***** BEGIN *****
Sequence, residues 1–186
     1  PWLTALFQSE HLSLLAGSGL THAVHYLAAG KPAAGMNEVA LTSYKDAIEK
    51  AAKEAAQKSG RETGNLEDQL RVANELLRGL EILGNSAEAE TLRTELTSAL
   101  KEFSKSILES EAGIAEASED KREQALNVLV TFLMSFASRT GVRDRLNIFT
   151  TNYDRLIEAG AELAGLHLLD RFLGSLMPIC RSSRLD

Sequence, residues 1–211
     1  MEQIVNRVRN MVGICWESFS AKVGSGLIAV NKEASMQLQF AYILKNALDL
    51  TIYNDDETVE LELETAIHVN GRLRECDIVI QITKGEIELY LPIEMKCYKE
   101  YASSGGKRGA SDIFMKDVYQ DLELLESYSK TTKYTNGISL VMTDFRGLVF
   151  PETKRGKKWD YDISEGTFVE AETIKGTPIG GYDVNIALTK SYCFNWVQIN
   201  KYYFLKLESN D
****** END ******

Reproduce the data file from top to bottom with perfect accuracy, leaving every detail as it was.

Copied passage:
Sequence, residues 1–186
     1  PWLTALFQSE HLSLLAGSGL THAVHYLAAG KPAAGMNEVA LTSYKDAIEK
    51  AAKEAAQKSG RETGNLEDQL RVANELLRGL EILGNSAEAE TLRTELTSAL
   101  KEFSKSILES EAGIAEASED KREQALNVLV TFLMSFASRT GVRDRLNIFT
   151  TNYDRLIEAG AELAGLHLLD RFLGSLMPIC RSSRLD

Sequence, residues 1–211
     1  MEQIVNRVRN MVGICWESFS AKVGSGLIAV NKEASMQLQF AYILKNALDL
    51  TIYNDDETVE LELETAIHVN GRLRECDIVI QITKGEIELY LPIEMKCYKE
   101  YASSGGKRGA SDIFMKDVYQ DLELLESYSK TTKYTNGISL VMTDFRGLVF
   151  PETKRGKKWD YDISEGTFVE AETIKGTPIG GYDVNIALTK SYCFNWVQIN
   201  KYYFLKLESN D